Celebrating its 30th year in business, the owners of Moon Palace want to give the authentic Chinese restaurant a face-lift.
The decision came shortly after owners Pun and Cindy Lee entered Moon Palace into a nationwide competition hosted by Chinese Restaurant News that investigates and lists the top 100 Chinese restaurants in the U.S.
The magazine recruits restaurants from all over the country and sends a "secret diner" to each establishment to order and eat a meal, all the while scoring the restaurant on the food, service, appearance and more. Afterward, restaurant owners are given their scores and feedback on how to improve the eatery.
After all the votes were tallied, Moon Palace was selected as one of the 2008 Top 100 Regional Chinese Cuisines.
The Sequim landmark – and the town’s first Chinese restaurant, according to Pun and Cindy Lee – received 100-percent satisfaction in the service category and 97-percent on the overall freshness and satisfaction of the food. The only recommendation, Pun Lee said, was for the business to update its appearance.
As a result, management will replace the current tablecloths with a new more modern design, introduce new silverware and dishes, and slap a fresh coat of paint on the interior walls.
"The last color change was about 10 years ago," Pun Lee said while glancing at the off-white walls. "I think it’s about time to change that again."
Changes will take place slowly, Pun Lee said, and will be small but significant.
"The building is old, and structure-wise we can’t do anything," Cindy Lee said.
"But we can give the business a makeover – a fresh look."
The Lees first were approached about entering the contest two years ago but rejected the invitation until last year when they decided feedback might be beneficial to the future of the business.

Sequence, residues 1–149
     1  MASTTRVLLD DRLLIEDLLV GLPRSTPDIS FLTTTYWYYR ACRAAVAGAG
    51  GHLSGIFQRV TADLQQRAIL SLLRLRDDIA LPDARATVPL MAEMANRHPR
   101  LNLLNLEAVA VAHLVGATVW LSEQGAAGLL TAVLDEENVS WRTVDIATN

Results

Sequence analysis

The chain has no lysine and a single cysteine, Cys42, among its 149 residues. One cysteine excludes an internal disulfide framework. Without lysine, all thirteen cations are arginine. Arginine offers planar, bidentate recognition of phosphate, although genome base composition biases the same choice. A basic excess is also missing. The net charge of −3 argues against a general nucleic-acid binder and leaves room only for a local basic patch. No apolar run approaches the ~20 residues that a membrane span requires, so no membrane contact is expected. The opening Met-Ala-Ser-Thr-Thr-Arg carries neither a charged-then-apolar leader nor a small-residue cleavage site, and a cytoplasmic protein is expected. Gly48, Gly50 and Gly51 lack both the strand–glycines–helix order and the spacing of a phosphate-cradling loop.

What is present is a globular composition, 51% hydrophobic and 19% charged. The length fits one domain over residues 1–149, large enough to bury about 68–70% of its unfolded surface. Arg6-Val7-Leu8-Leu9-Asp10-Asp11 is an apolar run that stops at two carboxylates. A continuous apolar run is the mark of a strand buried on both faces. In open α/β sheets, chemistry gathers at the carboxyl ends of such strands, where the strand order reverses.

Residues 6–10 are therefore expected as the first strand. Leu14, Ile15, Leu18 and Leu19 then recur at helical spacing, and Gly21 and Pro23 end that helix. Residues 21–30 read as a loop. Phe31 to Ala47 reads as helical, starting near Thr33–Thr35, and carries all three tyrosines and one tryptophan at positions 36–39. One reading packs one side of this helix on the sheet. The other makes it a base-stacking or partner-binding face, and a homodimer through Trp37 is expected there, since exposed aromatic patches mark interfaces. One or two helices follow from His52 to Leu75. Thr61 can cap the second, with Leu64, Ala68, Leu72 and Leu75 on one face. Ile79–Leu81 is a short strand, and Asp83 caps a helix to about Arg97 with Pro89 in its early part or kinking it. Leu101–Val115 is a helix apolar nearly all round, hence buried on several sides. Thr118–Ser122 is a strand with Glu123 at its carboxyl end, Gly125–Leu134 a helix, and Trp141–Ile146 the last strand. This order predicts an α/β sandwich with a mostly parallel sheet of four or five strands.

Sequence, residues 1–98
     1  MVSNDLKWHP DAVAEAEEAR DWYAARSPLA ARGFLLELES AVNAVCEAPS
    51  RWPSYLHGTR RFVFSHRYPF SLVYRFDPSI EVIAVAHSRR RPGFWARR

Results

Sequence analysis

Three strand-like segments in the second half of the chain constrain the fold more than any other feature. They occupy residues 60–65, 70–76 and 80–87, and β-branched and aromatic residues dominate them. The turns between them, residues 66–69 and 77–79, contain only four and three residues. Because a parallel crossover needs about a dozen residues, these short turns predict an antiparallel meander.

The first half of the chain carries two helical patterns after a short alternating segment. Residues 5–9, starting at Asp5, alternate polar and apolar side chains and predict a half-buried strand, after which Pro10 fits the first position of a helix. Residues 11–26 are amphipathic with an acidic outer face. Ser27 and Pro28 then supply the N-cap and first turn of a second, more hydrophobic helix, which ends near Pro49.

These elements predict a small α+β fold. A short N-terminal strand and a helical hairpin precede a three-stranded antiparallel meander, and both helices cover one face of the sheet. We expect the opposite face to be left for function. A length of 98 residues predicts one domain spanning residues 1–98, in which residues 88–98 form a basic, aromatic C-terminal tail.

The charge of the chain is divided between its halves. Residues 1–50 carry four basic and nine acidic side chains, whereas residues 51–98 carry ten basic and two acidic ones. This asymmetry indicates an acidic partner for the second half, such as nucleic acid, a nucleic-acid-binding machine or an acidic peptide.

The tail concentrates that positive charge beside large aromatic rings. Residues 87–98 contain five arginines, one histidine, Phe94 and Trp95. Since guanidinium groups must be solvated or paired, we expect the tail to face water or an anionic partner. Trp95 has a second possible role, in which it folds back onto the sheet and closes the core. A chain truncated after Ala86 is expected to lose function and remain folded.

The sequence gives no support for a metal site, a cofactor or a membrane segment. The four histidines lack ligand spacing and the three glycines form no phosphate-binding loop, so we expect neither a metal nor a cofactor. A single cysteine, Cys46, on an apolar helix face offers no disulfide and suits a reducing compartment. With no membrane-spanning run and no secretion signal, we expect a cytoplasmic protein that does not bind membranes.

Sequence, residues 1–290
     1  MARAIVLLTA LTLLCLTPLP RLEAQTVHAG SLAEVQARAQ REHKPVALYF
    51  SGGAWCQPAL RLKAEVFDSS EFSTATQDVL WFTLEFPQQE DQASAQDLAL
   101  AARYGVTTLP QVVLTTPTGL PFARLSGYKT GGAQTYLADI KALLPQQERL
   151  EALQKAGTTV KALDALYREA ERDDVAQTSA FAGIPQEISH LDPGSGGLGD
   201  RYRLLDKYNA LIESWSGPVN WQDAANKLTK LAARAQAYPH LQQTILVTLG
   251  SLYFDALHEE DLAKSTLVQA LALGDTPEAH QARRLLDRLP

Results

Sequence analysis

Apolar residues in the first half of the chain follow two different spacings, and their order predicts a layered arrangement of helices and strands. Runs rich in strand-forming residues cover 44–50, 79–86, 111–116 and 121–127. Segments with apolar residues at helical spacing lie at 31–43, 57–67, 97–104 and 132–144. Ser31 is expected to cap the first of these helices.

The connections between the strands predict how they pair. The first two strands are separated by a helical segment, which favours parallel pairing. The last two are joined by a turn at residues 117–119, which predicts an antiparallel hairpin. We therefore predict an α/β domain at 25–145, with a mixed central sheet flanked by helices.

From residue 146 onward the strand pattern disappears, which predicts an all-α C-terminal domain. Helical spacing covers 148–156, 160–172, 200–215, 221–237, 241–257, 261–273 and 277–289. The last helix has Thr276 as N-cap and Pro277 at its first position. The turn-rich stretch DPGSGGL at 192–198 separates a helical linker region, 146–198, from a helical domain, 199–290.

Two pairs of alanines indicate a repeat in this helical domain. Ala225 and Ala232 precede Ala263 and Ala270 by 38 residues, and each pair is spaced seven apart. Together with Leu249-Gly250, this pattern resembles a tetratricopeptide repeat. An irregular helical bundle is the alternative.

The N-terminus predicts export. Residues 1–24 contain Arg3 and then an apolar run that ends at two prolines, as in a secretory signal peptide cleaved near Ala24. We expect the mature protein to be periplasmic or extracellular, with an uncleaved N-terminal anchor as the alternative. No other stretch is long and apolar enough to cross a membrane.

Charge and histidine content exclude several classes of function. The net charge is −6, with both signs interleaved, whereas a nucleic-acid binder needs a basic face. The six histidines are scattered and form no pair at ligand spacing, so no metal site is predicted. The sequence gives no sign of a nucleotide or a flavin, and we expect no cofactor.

"It wasn’t about winning or losing," Pun Lee said.
"We wanted to know what we needed to change and winning was just a bonus."
Pun and Cindy Lee took over the family business from Pun Lee’s uncle in 1987. The couple pride themselves on catering to customers’ individual dietary needs and cooking orders as they come in rather than prep cooking and letting food set in a warmer.
For example, if a customer has an allergy, the staff will let them know exactly which items on the menu they can and cannot eat or they will cook using substitute ingredients, something they have a lot of experience with because of family allergies.
In an effort to promote healthiness, stir-fried dishes are cooked with soybean oil and contain no monosodium glutamate, better known as MSG.
If a person’s favorite dish isn’t on the menu, that doesn’t mean it’s not available.
"If you can describe a dish to us, then we will make it for you," Cindy Lee said.
Though the business has felt an impact from the depressed economy, the foundation is still strong, Pun Lee said.
"It’s slowed down a lot from last year and we don’t see the working class as often as we used to, maybe every three months or so," Pun Lee said.
"But we’re looking forward to being here another 30 years."
Ashley Miller can be reached at ashleyo@
Moon Palace authentic Chinese cuisine, 323 E. Washington St., in the Creamery Square mall, is open 11:30 a.m.-8:30 p.m. Tuesday-Thursday, 11:30 a.m.-9 p.m. Friday, 3-9 p.m. Saturday, and noon-8 p.m. Sunday.
For more information, call 683-6898.